Linda Nagata: the blog at Hahví.net

Writer Process: Making a Story Shorter

July 8th, 2013

I find that each new writing project is a challenge, as I try to figure out again the process of creating a story.

Back at the end of April I set out to write a short story in one of my preexisting story worlds. I had no characters, no plot, no theme. So I did brainstorming sessions, and I tried writing bits of story just to see what might be there. Eventually I had a complete draft. I’m never quite sure how this happens, and it doesn’t always happen, but it did this time. 9900 words. Much longer than I’d hoped, but it was the first story I’d managed to finish this year, so that was something.

I sent it off for critique, got comments back that were mostly minor and full of encouragement — and then I didn’t look at the thing for a month because… I don’t know why.

When I finally started working on it again, things went in an unexpected direction. My tendency is to underwrite first drafts, so second drafts are always longer, but this story was the opposite. One comment from the beta reader was that the opening pages could be shortened, so that’s where I started and, painlessly, just by striking out excess wordage — an excess that had become suddenly obvious — the story was 500 words shorter. So I went through the entire manuscript and did a similar prune, striking out phrases and sentences. This took it down to around 9200 words.

Next I started looking for scenes to cut. Right away I found one that was clearly unnecessary. It involved a subplot/problem that contributed to a character’s difficulties without contributing in a meaningful way to the climax of the story. So I reduced it to a sentence and got rid of a few hundred words.

I found two or three places with repeated information and consolidated those.

I found a short scene that existed just so I could convey one piece of information. That information could be easily communicated in one sentence of dialog in a different scene, so that’s what I did.

I trimmed and trimmed and trimmed, one or two words at a time, and the story didn’t suffer for it. It got better. And of course not everything involved cutting words. I added them as needed to clarify character and motives, but the net word count kept dropping.

The last one hundred words were really hard, but I finally found a two-sentence paragraph that had been made irrelevant by my revisions. When that was gone, I only needed to get rid of a few more words, and then I was done. I’d brought the story down to my goal of 8000 words.

This is the first time I can remember cutting a story this hard, which just goes to show that every story is different. I’ve got at least three more that I want to write this year, along with finishing the novel. I have no idea how I’ll manage any of it, but that’s always the case.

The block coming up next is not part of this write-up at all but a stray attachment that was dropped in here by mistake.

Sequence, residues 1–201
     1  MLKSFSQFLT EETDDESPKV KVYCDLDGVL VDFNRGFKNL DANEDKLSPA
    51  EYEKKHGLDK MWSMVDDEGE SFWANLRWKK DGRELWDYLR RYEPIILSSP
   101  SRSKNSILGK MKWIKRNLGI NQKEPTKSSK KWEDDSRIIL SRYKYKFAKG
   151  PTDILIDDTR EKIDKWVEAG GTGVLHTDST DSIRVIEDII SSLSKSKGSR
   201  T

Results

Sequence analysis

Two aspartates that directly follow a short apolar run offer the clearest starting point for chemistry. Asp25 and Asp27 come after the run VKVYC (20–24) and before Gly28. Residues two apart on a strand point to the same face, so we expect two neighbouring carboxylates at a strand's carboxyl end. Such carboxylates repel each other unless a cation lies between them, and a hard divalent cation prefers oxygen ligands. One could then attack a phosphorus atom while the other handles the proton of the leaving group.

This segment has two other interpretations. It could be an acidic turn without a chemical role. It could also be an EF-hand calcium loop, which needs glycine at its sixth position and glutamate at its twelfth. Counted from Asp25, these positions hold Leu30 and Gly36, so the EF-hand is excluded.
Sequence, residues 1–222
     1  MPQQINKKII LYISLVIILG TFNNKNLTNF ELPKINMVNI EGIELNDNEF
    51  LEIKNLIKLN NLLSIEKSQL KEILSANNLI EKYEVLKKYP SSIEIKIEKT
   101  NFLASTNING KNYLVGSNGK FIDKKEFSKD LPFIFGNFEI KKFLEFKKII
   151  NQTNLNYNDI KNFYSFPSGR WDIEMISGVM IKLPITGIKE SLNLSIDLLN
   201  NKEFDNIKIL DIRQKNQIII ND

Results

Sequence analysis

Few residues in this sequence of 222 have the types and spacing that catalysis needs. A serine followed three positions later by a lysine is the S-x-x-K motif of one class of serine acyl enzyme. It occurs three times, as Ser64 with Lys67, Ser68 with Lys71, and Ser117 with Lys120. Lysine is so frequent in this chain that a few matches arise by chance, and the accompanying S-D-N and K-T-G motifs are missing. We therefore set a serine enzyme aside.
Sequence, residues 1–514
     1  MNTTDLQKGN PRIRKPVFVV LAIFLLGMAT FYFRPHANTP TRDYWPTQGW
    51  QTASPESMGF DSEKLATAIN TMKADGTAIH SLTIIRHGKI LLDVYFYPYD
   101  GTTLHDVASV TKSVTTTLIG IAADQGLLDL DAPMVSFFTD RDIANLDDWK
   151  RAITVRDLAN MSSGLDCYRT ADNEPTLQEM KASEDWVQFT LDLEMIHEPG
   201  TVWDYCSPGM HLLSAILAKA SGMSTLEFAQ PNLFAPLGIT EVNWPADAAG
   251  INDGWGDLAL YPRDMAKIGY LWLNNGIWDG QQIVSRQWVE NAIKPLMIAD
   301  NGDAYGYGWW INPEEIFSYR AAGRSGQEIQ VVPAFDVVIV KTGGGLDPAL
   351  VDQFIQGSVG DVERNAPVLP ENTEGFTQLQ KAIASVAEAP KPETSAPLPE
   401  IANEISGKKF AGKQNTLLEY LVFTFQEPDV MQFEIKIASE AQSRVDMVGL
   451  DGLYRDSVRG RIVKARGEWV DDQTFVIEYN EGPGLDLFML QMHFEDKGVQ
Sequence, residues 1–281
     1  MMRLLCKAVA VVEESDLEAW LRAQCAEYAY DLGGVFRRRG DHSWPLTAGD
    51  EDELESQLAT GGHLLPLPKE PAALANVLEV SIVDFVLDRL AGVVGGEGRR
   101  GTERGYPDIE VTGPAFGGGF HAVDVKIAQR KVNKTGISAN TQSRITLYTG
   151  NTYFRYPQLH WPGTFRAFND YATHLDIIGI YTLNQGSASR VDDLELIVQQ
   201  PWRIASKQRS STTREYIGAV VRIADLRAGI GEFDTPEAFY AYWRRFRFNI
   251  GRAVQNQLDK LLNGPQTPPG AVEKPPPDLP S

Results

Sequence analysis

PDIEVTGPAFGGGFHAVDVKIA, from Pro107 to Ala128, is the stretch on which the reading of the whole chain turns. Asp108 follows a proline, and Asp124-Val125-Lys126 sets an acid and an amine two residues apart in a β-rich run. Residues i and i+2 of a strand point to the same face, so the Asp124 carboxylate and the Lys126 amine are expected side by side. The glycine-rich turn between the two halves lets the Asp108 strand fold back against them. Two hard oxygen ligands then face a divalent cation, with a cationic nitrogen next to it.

I guess I’ll know when I get there.

Posted on: Monday, July 8th, 2013 at 6:00 am
Categories: Writing.
Tags: ,

5 Responses to “Writer Process: Making a Story Shorter”

  1. allynh Says:

    I sent it off for critique, got comments back that were mostly minor and full of encouragement — and then I didn’t look at the thing for a month because… I don’t know why.

    I do slow cooking. I’ve been cooking different styles of beans and soups since Wednesday. I use a four quart rectangular covered pan that sits on a griddle heating unit, so that I can put things in and let them come to heat without burning. I’m making vegetable soup today.

    I put in a pound of ground hamburger and let it brown for a half hour, then crumbled the meat and seasoned it with salt and ground pepper. I put a pound of frozen mixed vegetables on top. I took a can of stewed tomatoes and pureed it; that has bell pepper, onion, celery. I like sweet pickle chips on my sandwiches, so I save the sweet pickle brine. It has mustard seed, celery seeds, etc…, so I hate to throw that away. I puree that as well to break up the mustard seeds. That all goes in the covered pan, that takes about an hour to come up to a simmer. Then I let that simmer a full hour, then simply turn off the heat and let it cool. When the pan is cool to touch I set the covered pan in the fridge to chill down over night. Tomorrow I will put the soup in one cup containers to freeze; labeled of course. Then I’ll start the next batch, this time beef gravy. HA!

    That’s the same process as how I write. Putting everything together is fast, the coming up to simmer, letting things cool to reabsorb the liquids, that takes time. It takes time between each step to make things work.

    In the case of writing, I’m not limited to one covered pan. I write one story to what seems complete, then set it aside to simmer. Then write another story, before I go back to look at the first. Writing another story gives me space from the first; it gives me time to let go of the prose so that I can look at it with fresh eyes when I come back to it.

  2. Linda Says:

    I don’t usually write that way. It’s rare that I’ll let more than a few days go by before starting a revision, so this was an unusual story for me in more ways than one.

  3. Jared N Says:

    Thanks for the post. It’s always neat to read about someone else’s process.

  4. Linda Says:

    You’re welcome. This business continues to be a process of discovery for me.

  5. allynh Says:

    Watch this video about bronze casting and you will see that this is the same process you used in writing and editing your short story. HA!

    COLORES | Shidoni Foundry | New Mexico PBS